Medieval authors have had their work brought back to life with 21st-century technology in an unexpected collaboration at the University of St Andrews.
An archive of the works of medieval English authors, which revealed an unanticipated international outlook in medieval writers, had fallen into disuse.
Created in the 1990s, the loss of the ground-breaking Fontes Anglo-Saxonici database in 2018 made it virtually impossible once again to trace the precise borrowings within the early medieval literary heritage of the British Isles.
However, in a multi-disciplinary project involving medieval scholars and computer scientists, researchers and enthusiasts of the period can once again cross-reference medieval authors with their global counterparts from whom they often ‘borrowed’ long passages in pre-plagiarism times.
Thanks to St Andrews MSc student Bryan Yick who has cross-disciplinary interests in both Computer Science and History, the database has been redesigned and republished and will hopefully even be expanded and potentially reveal even more about this period.
“It’s sometimes forgotten that earlier times were just as interconnected and internationally organised, not just the Middle Ages, but also prehistoric times,” said Dr Christine Rauer of the School of English. “Humanity has always been outward looking and interested in innovating from outside influences, in learning new things from elsewhere.
“So it seems particularly apt that it is thanks to the most up-to-date technology that we have been able to resurrect this invaluable repository of medieval literature for future posterity. Our project presents all the evidence that shows that early medieval literature is a fascinating blend of all sorts of traditions, homegrown as well as international.”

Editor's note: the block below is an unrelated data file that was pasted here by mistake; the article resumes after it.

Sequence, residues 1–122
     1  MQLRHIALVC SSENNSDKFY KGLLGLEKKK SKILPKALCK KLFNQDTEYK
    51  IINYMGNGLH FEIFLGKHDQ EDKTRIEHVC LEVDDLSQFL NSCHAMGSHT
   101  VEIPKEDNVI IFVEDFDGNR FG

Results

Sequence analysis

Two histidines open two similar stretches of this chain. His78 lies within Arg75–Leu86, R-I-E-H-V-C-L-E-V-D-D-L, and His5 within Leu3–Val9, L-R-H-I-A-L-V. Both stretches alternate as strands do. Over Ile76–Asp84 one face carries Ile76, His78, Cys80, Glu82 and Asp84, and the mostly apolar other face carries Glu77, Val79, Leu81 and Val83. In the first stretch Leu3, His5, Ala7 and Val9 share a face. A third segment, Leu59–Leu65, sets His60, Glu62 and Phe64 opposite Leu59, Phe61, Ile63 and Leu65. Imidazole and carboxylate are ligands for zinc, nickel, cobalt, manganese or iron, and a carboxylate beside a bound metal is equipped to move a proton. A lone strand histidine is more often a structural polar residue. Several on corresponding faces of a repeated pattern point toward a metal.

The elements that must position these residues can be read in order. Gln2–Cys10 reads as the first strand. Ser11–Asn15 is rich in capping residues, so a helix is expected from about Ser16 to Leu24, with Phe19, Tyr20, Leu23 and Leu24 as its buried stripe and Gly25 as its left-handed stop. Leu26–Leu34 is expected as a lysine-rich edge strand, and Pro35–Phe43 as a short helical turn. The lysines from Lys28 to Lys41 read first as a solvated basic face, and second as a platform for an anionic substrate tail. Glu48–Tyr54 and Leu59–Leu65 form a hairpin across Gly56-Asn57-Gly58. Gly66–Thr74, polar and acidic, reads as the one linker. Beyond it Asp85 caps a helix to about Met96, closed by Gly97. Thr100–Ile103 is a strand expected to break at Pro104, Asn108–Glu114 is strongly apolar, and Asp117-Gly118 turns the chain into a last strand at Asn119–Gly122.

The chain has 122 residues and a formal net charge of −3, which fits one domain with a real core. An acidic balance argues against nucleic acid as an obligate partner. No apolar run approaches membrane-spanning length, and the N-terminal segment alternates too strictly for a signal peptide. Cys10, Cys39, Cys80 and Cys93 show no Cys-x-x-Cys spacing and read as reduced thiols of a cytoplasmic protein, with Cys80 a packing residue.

That medieval English authors had an international outlook in compiling their reading lists has long been known, but the precise evidence was only systematically collected in the 1990s.
The original Fontes Anglo-Saxonici project ran from 1984-2007 and consisted of academic staff at a number of British and Irish universities. Publicly funded by the AHRC and the British Academy it produced a publicly available internet database (then based at the University of Oxford) which linked around 1100 early medieval English texts (written in Old English and Latin) to around 1000 source texts (written in Old English and Latin) from England, Europe, the Middle East and Northern Africa.
In these pre-copyright times, early medieval writers quoted their source texts allowing researchers to trace these ‘borrowed’ quotations and discover what they had read and what texts they were interested in.
Unfortunately, the database became dysfunctional for technical reasons, and had to be taken offline in 2018 because it constituted a security risk due to the obsolete software it was produced with to the dismay of scholars across the globe.
— Thijs Porck (@thijsporck) February 25, 2021
Dr Rauer was able to recruit the technical expertise of Bryan Yick who was studying for an MSc in Human Computer Interaction at the University, and his MSc project supervisor, Dr Mark-Jan Nederhof, to help. Due to the Covid pandemic the three researchers had to work remotely in three different countries across two different continents to complete the project successfully.
Dr Rauer adds, “The project also shows that the University of St Andrews similarly managed to bring together specialists from different academic disciplines, different countries and especially different generations to construct something that is highly technical and complex yet useful and user-friendly for scholars all over the world.”